Case Studies
Carla Lowe Murder Case: A Mystery That Took 4 Decades to Resolve

Carla Lowe Murder Case: A Mystery That Took 4 Decades to Resolve

Carla Lowe, a 21 years old lady, was found dead in the middle of Depot Avenue, near the Amtrak station. She was brutally beaten and run over. In November 1983, Carla Lowe waited for the train at the Amtrak station in Delray Beach, Fla. However, she never boarded the train from Pompano Beach.

Detectives said at the time they searched the area for hours but never found anyone who had seen or heard anything suspicious. Since then the case has been a mystery.

After almost four decades, there has been a break in this cold case with the help of new fingerprint technology. On 29th November 2021, the Delray Beach Police arrested Ralph Williams (59) for the killing of Carla Lowe. He has been charged with first-degree murder.

On the day she was found, Ralph Williams was taken into custody on grand theft auto and burglary charges, but they couldn’t connect him to Lowe’s murder. William’s criminal record shows more than 20 arrests across Florida, on charges like burglary, resisting an officer with violence, and robbery with a gun or deadly weapon among others. With no relationship between Lowe and Williams and no known motive, detectives needed some solid evidence. 

The investigators said that the new fingerprint technology has led them to Williams. A new cold case division within the department of Delray Beach Police was created in January 2021, to deal with such cold cases. Carla Lowe’s murder mystery is the first case solved by the division, since its creation.

Delray Beach Police Chief Javaro Sims said during a news conference “This is the exact reason why the cold-case position was initiated earlier this year. To help bring some level of closure to the families who have lost any hope of justice for their losses.” 

Detective Todd Clancy, the leader of Delray Beach’s cold-case unit said that the new technology from a company based in England helped investigators obtain fingerprints from a piece of evidence that was left at the scene.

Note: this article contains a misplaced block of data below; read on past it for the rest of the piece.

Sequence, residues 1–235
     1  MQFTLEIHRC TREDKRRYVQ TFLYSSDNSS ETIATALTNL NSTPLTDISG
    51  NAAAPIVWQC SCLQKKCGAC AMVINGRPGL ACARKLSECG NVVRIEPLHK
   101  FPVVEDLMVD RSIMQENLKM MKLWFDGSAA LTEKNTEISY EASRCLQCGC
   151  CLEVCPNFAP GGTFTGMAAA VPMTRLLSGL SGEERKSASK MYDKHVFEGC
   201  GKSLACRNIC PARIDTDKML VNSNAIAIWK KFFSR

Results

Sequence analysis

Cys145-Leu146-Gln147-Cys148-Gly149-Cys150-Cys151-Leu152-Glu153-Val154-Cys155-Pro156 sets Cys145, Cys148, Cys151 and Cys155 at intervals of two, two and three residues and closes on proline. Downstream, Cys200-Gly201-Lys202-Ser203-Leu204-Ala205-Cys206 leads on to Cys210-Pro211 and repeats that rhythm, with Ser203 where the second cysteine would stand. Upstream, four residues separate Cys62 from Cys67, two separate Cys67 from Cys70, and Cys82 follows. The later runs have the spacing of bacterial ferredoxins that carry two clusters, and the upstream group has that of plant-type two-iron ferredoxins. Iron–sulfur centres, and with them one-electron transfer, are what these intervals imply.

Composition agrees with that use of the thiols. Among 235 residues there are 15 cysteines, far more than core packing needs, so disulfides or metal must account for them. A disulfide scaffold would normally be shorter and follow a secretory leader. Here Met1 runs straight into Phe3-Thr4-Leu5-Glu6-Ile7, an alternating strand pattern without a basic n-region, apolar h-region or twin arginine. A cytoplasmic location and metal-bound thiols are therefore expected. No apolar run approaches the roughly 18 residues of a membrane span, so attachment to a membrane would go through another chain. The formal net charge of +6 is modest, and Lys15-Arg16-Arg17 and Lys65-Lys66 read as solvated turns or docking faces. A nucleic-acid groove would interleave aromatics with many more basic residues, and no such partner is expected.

He added, “We weren’t able to get this fingerprint in the old traditional way that a crime scene would get fingerprints. There’s a new process out there by the Foster & Freeman company based out of the UK, and they have a new machine out there and it’s able to get a fingerprint.” Clancy worked with former detectives from the department on the case, adding the new technology is what helped them find the suspect.

He thanked the former detectives of the case by saying, “I would also like to thank the detectives who worked this case in 1983 because they deserve most if not all the recognition. If it wasn’t for their documentation and hard work back in 1983, we would not have all the information that we have today.” However, the detectives had not elaborated on how they found the fingerprint.

Lowe’s sister, Jackie Lowe-Repass, said of Williams’ arrest, “It means everything to me. I’ve waited for this . He took a very beautiful person out of this world … There’s a name now to who did this to my sister. I just want the world to know Carla was a good person and just wasn’t a piece of trash that someone threw away. She was a very beautiful and giving person”

Foster+freeman is a fingerprint detection-based company in the UK that uses new technologies for detecting and identifying latent fingerprints. Foster+Freeman fingerprint imaging workstations provide comprehensive facilities for the detection, capture, and enhancement of fingerprints on any surface or background to ensure that maximum detail is revealed.

It has three main components- Multispectral and Directional Illumination, Hi-Resolution Image Capture, and Digital Enhancement Software. The system captures an image of high resolution which is enhanced digitally. The use of software makes the process fully automated and accurate.

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